"But suppose I were to write a simple narrative of the principal events in the histories of the three families, which no one is more able to do than myself, seeing that nothing important has ever happened without my hearing of it, - how, I say, would you like that?" [4]
"If it amused you to write it, I am sure it would amuse us to read it," said the major. 
"But you are rather old to turn author," said Captain Brentwood; "you'll make a failure of it; in fact, you'll never get through with it." 
I replied not, but went into my bedroom, and returning with a thick roll of papers threw it on the floor - as on the stage the honest notary throws down the long-lost will, - and there I stood for a moment with my arms folded, eyeing Brentwood triumphantly. 
"It is already done, captain," I said. "There it lies." 
The captain lit a cigar, and said nothing; but the major said, "Good gracious me! and when was this done?" 
"Partly here, and partly in England. I propose to read it aloud to you, if it will not bore you." 
"A really excellent idea," said the major. "My dear!" - this last was addressed to a figure which was now seen approaching us up a long vista of trellised vines. A tall figure dressed in grey. The figure, one could see as she came nearer, of a most beautiful old woman. 
Dressed I said in grey, with a white handkerchief pinned over her grey hair, and a light Indian shawl hanging from her shoulders. As upright as a dart: she came towards us through the burning heat, as calmly and majestically as if the temperature had been delightfully moderate. [5] A hoary old magpie accompanied her, evidently of great age, and from time to time barked like an old bulldog, in a wheezy whisper. 
"My dear," said the major; "Hamlyn is going to read aloud some manuscript to us."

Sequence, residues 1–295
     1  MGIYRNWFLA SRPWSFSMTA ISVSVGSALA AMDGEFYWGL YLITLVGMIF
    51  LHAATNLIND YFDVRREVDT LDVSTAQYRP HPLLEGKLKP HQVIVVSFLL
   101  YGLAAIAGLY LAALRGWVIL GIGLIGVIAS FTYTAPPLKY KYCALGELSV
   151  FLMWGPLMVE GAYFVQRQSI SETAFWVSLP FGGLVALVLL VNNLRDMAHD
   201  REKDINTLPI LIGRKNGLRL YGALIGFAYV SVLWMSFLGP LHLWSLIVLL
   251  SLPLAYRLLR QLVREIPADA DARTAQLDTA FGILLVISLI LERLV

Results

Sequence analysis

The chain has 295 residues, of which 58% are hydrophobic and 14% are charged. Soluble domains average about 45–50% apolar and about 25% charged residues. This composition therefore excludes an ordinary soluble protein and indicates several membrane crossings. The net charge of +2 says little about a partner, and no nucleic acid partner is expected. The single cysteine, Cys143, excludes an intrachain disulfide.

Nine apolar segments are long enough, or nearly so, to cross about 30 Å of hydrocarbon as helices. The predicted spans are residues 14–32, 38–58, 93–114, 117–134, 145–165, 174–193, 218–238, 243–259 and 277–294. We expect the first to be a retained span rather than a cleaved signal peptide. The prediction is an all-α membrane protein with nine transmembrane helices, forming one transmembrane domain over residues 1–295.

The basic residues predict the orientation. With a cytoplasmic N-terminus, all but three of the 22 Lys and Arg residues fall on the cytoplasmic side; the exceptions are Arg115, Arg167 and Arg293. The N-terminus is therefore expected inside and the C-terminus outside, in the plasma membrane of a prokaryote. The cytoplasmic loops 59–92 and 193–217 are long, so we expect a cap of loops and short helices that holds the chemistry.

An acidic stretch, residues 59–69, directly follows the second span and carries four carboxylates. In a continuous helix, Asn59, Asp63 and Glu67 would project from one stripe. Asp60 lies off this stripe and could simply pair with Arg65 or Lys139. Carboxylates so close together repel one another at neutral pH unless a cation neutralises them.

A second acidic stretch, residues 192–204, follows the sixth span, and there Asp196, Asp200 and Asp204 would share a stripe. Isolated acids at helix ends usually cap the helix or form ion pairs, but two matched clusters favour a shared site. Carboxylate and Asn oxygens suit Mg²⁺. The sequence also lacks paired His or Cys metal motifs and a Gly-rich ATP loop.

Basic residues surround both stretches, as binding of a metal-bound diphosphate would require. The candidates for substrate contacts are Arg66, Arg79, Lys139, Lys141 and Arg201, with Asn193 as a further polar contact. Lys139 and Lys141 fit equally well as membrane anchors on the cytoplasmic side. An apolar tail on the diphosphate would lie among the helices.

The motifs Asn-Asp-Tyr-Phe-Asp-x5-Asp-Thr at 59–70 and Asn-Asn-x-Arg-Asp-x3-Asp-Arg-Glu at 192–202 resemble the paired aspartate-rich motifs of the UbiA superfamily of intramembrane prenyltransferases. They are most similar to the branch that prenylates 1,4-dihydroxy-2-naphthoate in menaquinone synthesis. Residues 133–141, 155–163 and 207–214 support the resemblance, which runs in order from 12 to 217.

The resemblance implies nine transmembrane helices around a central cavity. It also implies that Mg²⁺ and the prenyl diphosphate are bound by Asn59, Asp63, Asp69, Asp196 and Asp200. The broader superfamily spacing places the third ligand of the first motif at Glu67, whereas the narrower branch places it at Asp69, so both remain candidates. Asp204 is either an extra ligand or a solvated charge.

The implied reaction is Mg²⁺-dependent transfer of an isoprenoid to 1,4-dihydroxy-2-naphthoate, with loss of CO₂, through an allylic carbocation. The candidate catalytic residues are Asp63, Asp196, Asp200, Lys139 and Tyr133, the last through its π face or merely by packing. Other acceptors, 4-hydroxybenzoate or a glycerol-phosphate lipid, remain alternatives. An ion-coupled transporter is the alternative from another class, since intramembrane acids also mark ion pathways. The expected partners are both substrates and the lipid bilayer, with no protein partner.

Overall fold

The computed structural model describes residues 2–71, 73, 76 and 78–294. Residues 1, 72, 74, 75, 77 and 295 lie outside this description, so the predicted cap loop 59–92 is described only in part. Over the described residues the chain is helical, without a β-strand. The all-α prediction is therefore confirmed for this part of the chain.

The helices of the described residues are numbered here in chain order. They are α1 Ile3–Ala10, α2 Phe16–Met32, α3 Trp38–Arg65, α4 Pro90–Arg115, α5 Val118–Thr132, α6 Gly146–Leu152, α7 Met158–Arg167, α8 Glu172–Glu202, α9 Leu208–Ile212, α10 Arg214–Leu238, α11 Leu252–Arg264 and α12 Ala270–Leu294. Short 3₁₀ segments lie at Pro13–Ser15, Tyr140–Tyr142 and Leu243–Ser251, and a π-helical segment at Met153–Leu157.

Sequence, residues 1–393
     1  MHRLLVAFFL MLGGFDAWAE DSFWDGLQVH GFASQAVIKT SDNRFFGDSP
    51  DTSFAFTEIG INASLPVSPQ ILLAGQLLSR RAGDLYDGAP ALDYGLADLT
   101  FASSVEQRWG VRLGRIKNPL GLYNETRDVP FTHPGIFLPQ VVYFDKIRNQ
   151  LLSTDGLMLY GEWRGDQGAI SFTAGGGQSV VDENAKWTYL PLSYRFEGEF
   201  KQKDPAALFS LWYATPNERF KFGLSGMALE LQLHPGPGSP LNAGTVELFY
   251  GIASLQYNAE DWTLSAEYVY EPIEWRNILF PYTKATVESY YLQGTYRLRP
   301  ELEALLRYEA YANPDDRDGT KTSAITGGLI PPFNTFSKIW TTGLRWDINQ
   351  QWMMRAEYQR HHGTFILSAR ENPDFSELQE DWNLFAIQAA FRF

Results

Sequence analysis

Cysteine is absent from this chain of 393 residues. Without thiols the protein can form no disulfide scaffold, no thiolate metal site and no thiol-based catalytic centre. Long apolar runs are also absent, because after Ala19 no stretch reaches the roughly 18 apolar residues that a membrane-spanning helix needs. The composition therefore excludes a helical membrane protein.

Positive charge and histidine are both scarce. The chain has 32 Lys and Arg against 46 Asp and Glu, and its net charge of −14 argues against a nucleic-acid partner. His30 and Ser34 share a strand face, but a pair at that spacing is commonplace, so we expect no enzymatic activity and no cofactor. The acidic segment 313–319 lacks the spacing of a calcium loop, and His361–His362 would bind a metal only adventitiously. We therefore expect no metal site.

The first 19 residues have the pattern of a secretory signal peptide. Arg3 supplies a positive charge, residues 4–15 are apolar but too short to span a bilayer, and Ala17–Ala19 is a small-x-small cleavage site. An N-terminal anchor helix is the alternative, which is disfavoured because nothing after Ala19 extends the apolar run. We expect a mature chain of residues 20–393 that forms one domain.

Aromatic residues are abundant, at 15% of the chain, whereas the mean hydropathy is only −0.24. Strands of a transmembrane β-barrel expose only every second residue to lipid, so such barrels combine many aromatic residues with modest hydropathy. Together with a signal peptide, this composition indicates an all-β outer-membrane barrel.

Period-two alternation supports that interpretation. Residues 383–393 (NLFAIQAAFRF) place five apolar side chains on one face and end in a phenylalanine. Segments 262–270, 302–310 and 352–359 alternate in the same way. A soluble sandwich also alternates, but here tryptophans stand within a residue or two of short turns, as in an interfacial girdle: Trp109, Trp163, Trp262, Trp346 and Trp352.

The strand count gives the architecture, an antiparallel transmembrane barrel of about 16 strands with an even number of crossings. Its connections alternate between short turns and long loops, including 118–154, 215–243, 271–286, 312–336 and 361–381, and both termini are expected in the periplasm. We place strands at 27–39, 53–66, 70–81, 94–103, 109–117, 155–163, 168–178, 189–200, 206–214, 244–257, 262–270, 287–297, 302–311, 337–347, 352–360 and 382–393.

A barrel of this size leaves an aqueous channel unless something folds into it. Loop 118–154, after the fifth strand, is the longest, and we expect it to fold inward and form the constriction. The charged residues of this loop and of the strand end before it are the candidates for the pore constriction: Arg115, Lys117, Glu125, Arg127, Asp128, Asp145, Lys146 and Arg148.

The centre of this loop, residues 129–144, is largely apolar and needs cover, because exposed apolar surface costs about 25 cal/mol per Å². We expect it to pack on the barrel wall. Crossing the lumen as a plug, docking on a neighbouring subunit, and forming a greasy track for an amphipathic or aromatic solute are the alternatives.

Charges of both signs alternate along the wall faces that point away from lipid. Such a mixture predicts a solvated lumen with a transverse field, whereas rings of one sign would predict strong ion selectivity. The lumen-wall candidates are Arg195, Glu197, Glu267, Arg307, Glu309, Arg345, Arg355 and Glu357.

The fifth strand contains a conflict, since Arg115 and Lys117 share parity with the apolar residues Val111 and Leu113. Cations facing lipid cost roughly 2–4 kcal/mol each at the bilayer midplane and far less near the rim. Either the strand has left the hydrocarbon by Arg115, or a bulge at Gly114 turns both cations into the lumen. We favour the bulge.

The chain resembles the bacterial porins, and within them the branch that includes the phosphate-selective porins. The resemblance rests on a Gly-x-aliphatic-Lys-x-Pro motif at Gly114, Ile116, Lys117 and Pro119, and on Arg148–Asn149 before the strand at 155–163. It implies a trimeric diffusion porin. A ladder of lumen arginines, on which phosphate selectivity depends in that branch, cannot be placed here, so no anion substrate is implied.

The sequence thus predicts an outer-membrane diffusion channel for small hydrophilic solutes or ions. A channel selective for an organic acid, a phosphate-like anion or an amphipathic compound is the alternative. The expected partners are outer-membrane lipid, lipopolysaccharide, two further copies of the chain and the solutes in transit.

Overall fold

"That will be very delightful, this hot weather," said Mrs. Buckley. "May I ask the subject, old friend?" 
"I would rather you did not, my dear madam; you will soon discover, in spite of a change of names, and perhaps somewhat of localities." 
"Well, go on," said the major; and so on I went with the next chapter, which is the first of the story. 
The reader will probably ask: 
"Now, who on earth is Major Buckley? and who is Captain Brentwood? and last not least, who the Dickens are you?" If you will have patience, my dear sir, you will find it all out in a very short time - Read on.

[6] i: Chapter II.
THE COURTSHIP AND MARRIAGE OF JOHN THORNTON, CLERK, AND THE BIRTH OF SOME ONE WHO TAKES RATHER A CONSPICUOUS PART IN OUR STORY.
Sometime between the years 1780 and 1790, young John Thornton, then a Servitor at Christ Church, fell in love with pretty Jane Hickman, whose father was a well-to-do farmer, living not far down the river from Oxford; and shortly before he took his degree, he called formally upon old Hickman, and asked his daughter's hand. Hickman was secretly well pleased that his daughter should marry a scholar and a gentleman like John Thornton, and a man too who could knock over his bird, or kill his trout in the lasher with any one. So after some decent hesitation he told him, that as soon as he got a living, good enough to support Jane as she had been accustomed to live, he might take her home with a father's blessing, and a hundred pounds to buy furniture. And you may take my word for it, that there was not much difficulty with the young lady, for in fact the thing had long ago been arranged between them, and she was anxiously waiting in the passage to hear her father's decision, all the time that John was closeted with him. [7]